This is how it starts out. Twenty-three strangers sitting around a conference room in silence, waiting for her.
It is after she walks in and sits down, alone and unencumbered by protocol, that everyone begins to let up. We slowly realise it is OK to breathe; we realise it is OK to be.
She takes each of us apart, story by story. She tells us what is worth keeping and what can be improved. She teases us. She asks for opinions about a story, about any topic. Without saying so, she tells us that we can call ourselves writers, that our writing is good enough. She tells us to use details in unexpected ways, the way you might use a nail file to skin a cat. She never “teaches” us. Rather she gists. And in her gisting, she has taught us.
Slowly, like night flowering into day, I understand that it has stopped being about her and has become about other things, because this has never been about her.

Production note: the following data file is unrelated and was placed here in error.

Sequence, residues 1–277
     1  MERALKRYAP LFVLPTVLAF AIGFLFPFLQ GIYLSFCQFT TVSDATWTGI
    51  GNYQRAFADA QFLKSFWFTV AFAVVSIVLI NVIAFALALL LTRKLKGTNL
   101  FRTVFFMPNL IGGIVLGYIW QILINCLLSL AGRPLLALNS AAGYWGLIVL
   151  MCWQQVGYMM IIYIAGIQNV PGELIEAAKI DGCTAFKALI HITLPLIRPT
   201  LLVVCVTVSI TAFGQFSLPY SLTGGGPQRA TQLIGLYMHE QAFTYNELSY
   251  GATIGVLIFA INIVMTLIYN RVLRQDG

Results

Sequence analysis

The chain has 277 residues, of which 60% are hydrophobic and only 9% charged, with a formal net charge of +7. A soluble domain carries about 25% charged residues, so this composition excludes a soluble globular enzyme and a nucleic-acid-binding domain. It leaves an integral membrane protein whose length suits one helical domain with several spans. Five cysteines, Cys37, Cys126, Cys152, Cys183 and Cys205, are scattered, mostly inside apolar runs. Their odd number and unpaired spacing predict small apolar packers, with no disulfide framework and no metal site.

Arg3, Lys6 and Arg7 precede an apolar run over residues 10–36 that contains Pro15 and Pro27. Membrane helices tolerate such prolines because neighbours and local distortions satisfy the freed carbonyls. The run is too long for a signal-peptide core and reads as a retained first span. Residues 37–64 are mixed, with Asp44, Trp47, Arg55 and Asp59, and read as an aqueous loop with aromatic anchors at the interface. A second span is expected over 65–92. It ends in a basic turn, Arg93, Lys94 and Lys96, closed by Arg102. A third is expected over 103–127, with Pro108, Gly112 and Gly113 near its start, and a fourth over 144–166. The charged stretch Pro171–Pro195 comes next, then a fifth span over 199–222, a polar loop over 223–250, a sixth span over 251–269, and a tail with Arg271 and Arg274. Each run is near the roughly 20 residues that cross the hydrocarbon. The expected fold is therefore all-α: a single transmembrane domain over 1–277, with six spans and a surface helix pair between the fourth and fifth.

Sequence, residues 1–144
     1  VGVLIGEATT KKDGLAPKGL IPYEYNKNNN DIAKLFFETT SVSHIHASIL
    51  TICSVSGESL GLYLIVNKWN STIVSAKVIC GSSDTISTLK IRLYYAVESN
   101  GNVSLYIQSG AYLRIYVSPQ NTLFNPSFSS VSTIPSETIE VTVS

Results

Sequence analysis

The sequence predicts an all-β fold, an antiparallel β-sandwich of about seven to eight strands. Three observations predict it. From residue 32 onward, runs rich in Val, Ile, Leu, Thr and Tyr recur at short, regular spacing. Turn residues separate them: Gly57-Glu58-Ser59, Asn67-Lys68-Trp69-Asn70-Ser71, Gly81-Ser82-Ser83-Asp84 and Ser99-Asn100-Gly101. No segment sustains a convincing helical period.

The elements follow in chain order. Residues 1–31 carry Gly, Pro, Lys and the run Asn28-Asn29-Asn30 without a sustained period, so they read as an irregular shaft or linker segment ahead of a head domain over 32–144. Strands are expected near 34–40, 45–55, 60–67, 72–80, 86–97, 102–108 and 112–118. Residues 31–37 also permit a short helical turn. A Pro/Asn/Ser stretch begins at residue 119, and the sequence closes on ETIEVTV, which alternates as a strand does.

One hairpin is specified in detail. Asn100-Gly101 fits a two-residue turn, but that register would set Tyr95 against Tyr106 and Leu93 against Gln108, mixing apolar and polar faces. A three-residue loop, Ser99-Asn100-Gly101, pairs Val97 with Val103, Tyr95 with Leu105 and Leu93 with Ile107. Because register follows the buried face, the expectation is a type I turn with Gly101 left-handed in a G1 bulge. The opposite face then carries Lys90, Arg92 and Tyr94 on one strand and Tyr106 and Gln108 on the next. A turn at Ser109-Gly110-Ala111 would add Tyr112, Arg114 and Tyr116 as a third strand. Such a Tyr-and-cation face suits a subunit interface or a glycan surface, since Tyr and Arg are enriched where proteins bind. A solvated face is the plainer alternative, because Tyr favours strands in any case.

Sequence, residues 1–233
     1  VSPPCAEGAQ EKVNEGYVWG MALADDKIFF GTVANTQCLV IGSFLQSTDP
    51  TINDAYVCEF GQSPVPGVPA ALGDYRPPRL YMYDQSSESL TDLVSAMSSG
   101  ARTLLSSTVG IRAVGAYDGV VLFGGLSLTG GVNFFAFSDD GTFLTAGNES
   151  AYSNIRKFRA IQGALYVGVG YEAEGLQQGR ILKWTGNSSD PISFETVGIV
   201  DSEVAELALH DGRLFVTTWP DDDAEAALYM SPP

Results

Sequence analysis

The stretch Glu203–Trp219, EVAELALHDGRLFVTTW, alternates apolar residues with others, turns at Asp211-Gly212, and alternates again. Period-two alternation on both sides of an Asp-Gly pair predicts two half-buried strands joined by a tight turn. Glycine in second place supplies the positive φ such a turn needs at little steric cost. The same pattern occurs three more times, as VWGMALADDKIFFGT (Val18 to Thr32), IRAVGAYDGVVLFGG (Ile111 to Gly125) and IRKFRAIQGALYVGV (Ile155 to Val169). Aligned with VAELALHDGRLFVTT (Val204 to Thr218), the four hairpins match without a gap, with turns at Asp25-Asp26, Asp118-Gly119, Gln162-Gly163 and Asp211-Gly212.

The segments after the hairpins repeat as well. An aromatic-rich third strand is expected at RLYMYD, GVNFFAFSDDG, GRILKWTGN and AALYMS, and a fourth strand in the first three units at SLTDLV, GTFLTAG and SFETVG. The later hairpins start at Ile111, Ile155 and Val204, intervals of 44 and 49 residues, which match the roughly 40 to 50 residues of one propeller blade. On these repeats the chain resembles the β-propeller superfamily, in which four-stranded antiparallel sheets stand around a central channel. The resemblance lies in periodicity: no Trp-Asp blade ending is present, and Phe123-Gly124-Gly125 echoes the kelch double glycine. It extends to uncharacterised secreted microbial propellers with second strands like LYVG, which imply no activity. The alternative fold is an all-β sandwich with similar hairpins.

It is about Chinaza Boy and the unassuming way he uses language to beautiful effect, how we sit in a Chicken Republic and talk about Chinua Achebe and the joys of reading, the way we rejoice in the mutual secret that we are both slow readers.
It is about Kunle and the way his beautiful, incendiary texts poke for trouble, and the way he pulls on my beard, testing my patience, and the way we laugh about it later. I know he wants to do it again and I will kill him if he tries.
It is about Ama and her enchanting voice, about the wisdom that appears to reside even in the sound of it, how she uses metaphor with startling originality.
It is about Fatima and the passion she exudes when she speaks and writes about justice and law, and how she manages to pull herself together and navigate this terrain of endless reading and writing even though she is smack in the middle of the holy month of Ramadan.